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PRESS RELEASE April 26, 2021

Improving productivity key to unleashing sustainable growth in Central America

World Bank study identifies policy priorities for each country and for the region to stimulate sustainable growth and job creation.

WASHINGTON, D.C., April 26, 2021 – The six Central American countries (Costa Rica, El Salvador, Guatemala, Honduras, Nicaragua and Panama) can increase the productivity of their economies and workforce and recover from the largest economic recession in their history —caused by the pandemic and exacerbated by hurricanes Eta and Iota— and move towards a strong and sustainable economic growth, according to a new World Bank study.

The report Unleashing Central America's Growth Potential released today, highlights that these countries can boost their economies through a series of reforms in key areas. These include reducing costs and barriers to trade; boosting investment in human capital, innovation, and physical and digital infrastructure; attracting private investment through improving business environment and the quality of institutions, and a greater inclusion of women and young people in the labor market.

The study reviewed the performance of Central America during the last three decades and found that, although between 1991 and 2017 the region’s economy grew 4.5% per year on average —besting the rest of Latin America and the Caribbean—, this economic growth was achieved with little productivity growth.

Due to rapid growth of the working-age population during that period, the increased number of workers accounted for two-thirds of the economic growth achieved. Given that a steep decline in the growth of the working-age population is expected, a further increase in productivity (defined as a greater ability of firms and the workforce to produce more and better goods and services) will be essential to sustain strong growth going forward.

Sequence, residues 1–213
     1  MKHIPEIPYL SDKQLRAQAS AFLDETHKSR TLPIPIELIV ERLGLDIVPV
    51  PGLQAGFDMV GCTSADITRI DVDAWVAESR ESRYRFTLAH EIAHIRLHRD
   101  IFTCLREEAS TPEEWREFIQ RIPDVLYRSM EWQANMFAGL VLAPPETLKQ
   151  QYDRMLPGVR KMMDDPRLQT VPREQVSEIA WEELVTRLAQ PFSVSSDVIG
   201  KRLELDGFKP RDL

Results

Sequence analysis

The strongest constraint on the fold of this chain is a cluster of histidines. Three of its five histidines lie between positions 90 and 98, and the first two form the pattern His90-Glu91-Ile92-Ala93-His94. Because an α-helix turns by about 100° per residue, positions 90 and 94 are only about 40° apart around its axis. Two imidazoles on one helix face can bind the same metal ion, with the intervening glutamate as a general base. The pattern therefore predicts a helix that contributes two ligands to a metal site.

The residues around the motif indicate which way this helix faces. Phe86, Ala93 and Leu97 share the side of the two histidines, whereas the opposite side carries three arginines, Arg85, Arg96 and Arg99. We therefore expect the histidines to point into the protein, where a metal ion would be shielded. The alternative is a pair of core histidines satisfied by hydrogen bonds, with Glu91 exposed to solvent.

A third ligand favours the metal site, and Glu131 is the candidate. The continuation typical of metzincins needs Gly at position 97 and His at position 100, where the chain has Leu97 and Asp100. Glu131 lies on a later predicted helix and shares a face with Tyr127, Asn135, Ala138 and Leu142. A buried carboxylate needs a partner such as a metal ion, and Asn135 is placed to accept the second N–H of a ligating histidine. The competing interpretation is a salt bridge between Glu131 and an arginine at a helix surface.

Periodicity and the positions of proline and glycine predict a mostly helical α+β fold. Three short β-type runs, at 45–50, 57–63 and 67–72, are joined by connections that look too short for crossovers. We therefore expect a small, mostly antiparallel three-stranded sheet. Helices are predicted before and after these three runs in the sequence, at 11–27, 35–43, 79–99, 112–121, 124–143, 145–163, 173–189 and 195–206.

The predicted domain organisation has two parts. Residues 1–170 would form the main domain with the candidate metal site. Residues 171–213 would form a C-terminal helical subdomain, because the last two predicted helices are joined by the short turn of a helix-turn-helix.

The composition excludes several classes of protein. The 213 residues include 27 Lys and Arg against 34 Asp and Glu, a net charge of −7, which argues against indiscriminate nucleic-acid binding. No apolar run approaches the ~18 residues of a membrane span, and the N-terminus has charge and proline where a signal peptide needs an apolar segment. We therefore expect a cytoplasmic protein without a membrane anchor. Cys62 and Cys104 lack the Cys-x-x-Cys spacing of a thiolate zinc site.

“Now is the moment to rethink the future of Central America and introduce strategic reforms to benefit current and future generations with more economic opportunities and prosperity,” said Michel Kerf, World Bank Director for Central America and the Dominican Republic. “The pandemic has significantly affected economic growth and reduced fiscal space in the region. However, the resumption of global trade and the recovery of the United States and China create opportunities to attract new domestic and foreign investments and increase the volume and value of Central American exports, which can boost sustainable and inclusive growth, with greater creation of good jobs and poverty reduction.”

The pandemic pushed Central America into its greatest economic contraction. However, global trade of goods has recovered, prices of commodities are stable, remittances are higher than a year ago and the regionalization of global value chains towards North America is accelerating, which bodes well for the Central American economies.

Key areas for policy reforms identified in the study include:

  • Reducing costs and barriers to intraregional trade and with Mexico: trade costs are high in Central America, with tariff-equivalent trade costs at 74%. Transportation costs are also high, at US$0.17 per ton-kilometer, above those of US$0.06-0.11 in sub-Saharan Africa and US$0.02-0.05 in advanced economies. It is estimated that full implementation of the World Trade Organization’s (WTO) Trade Facilitation Agreement can reduce trade costs by 15.5%, increasing intraregional trade by 61% and the region's GDP by 4.3% by 2030. Extending these reductions to Mexico would increase trade between Central America and Mexico by 130% and Central America's GDP by 6.7% by 2030.
  • Investing in human capital and in coverage and quality of physical and digital infrastructure: reducing knowledge and skills gaps will strengthen the workforce’s productivity, flexibility, and innovative capacity. It will also allow modern industries intensive in high-skilled workers such as information and communication technology to grow, as well as less skill-intensive industries such as tourism. It is also necessary to boost investment to close gaps in coverage and quality of physical and digital infrastructure, as poor infrastructure hinders economic growth, exacerbates poverty and inequality, and exposes some countries to natural disasters.
  • Attracting private investment through improving the business environment and the quality of institutions: large investment projects are needed, but these require clear rules, capable institutions, fiscal availability, and partnerships with the private sector.
  • Modernizing labor laws to adapt them to hybrid situations in the post-pandemic era and attract the jobs of the future, facilitating mobility between companies and sectors and labor formalization, and promoting greater participation of women and young people in the labor force are also needed.

The study includes six reports that analyze the growth factors, constraints, and opportunities for each country and a regional report that examines themes common to Central America. They are available at:

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Last Updated: Apr 26, 2021